Lacey Schwartz grew up in an upper middle-class Jewish family, in upstate New York, where almost everyone she knew was white. She assumed that she was, as well.
“I grew up in a world with synagogue, Hebrew school, bar mitzvahs. So it never occurred to me that I was passing. I actually grew up believing I was white,” Schwartz says in her recent film, Little White Lie, over footage of family gatherings, childhood pictures, and her own bat-mitzvah.
Schwartz’s parents, Robert and Peggy Schwartz, had met and married young in their native New York, moving upstate to the town of Woodstock in 1972. Lacey was born in 1977. Growing up in a largely white community, she sometimes wondered why she looked different. The first time was in nursery school, she says in the film, when a classmate remarked on it.
“That’s the earliest memory I have of feeling different,” she says. “It was embarrassing to be singled out, and it made me feel ugly. When I told my parents what had happened, my father pulled out an old photo album, and told me I took after his great-grandfather, who was Sicilian.”
Family and family friends all accepted the logic, and so did Schwartz. Her father darkly tanned in summer, after all, and her mother’s hair was curly, like hers. But Schwartz was discomfited at times by strangers’ questions, and did not like being different. She was mistaken for an Ethiopian Jewish adoptee at one temple event, and in the integrated high school she attended in Kingston, New York, black classmates sometimes asked her what she “was.”
“I think one of the biggest things in my story, and in this film, is about the power of denial,” she said in an interview. “And when I was making this film, I was very interested in looking at what is the timeline of denial, what is the anatomy of denial?”
In her case, she said, she began to suspect that she was biracial when she was 16, around the time that her parents separated. “There’s the stage where you deep down know the truth, but you’re not ready to admit it yourself,” she said.
It was only when she was admitted to Georgetown University and the black student union invited her to join that she became certain.
“For the first time in my life, I felt that I belonged,” she says in the film. “And somehow, I just knew that “black” was who I was. Of course, that meant there was something my parents weren’t telling me. I came home from my freshman year in college and decided I was going to ask my mother why I looked the way I did.”
Schwartz’s mother admitted her affair with a family friend, an African American man from New York.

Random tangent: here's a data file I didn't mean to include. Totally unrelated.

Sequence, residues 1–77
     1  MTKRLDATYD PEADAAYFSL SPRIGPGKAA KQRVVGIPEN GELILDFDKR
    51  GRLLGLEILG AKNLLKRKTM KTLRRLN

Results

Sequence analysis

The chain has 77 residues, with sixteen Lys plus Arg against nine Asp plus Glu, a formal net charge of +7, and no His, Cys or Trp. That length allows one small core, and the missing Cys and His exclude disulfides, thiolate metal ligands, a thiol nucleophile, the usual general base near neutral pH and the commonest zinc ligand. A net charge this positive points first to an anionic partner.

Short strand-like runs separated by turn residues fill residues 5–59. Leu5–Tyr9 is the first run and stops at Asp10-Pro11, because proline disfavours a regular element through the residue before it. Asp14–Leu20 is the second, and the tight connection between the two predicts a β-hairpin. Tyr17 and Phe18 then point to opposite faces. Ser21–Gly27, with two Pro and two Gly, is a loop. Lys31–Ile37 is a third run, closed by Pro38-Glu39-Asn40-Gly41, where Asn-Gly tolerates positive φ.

“It was difficult,” Schwartz said. “I certainly had a fear in particular of losing my father, if we talked about the fact that he wasn’t my biological father. I think I was really feeling confusion but also relief, knowing why I looked the way I did and where I came from.”
Her relationship with her father now, she said, has not changed very much. “We’ve come out the other side with a very strong relationship, and very much the same relationship,” Schwartz said.
“I decided to make the film when I was in my mid-20s, the period when I considered I was living in a racial closet, where I was out and about kind of identifying as being black, but I would go home to my [extended] family and identify as white,” she said. “I was struggling to figure out how to integrate my identities internally, so I started doing a lot of research on Jewish diversity, because I had grown up with being Jewish being synonymous with being white.”
The film, which will air on American public television in March, took nearly 10 years to make, Schwartz said at a recent screening at the School of Visual Arts in New York. “I thought about it for two years, developed it for two, shot it for three years, edited it for three years,” she said, adding, “Obviously, I wasn’t doing those things every day; there would be big pauses.”
One of those was for her marriage to an African American man - her parents walked her down the aisle together at the wedding - and another for the birth of her twin boys, now toddlers.
“I can’t say I feel closer to black people than white people,” Schwartz says. My family and the friends I grew up with, I’m still very close to them. That said, I’ve also made a lot of new friends. My husband is black, I have a lot of close black friends, I have a lot of close Asian friends. I can’t say there’s one race or kind of person I connect to more.”
Her Jewish identity also remains primary, she said, and she has screened the film in Israel and for Jewish groups in the U.S. as well.
“We really thought it was important that we make sure we reach all different audiences, go to black film festivals, Jewish film festivals, documentary film festivals, just to show that this film is about race. And certainly it has to do with my Jewish identity, but it’s really about family secrets, and anyone can relate and connect to that,” Schwartz said.
“I thought that different audiences would have very different reactions and questions,” she said, “but I’ve found that the way people connect is very personal, and we can’t access that just by looking at them or understanding what niche they fit into. Everyone has their own family secret, their own family story.”
In fact, she said, she sees Little White Lie as a tool for audiences in uncovering damaging family secrets. The film’s website has a page for viewers to submit their own stories, and at screenings, Schwartz sets up a table with placards printed with quotations from the film. “And I say, ‘Little white lie equals family secrets plus denial - What was your family secret?’”
“I want people to think less about me when they’re walking out of the film, and more about their own stories,” she said. “People want to come up after screenings and say, ‘This is my story.’ I don’t want them to tell me. I want them to write it down, to participate in the conversation.”